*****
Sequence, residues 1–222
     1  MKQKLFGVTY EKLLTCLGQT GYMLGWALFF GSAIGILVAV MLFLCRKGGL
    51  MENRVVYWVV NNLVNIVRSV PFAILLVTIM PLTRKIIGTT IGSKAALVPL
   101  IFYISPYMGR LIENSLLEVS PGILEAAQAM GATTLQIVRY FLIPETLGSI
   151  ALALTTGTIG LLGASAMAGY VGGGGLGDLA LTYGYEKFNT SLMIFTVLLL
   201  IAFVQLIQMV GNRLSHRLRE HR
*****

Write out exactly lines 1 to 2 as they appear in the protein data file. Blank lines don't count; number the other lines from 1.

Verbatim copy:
Sequence, residues 1–222
     1  MKQKLFGVTY EKLLTCLGQT GYMLGWALFF GSAIGILVAV MLFLCRKGGL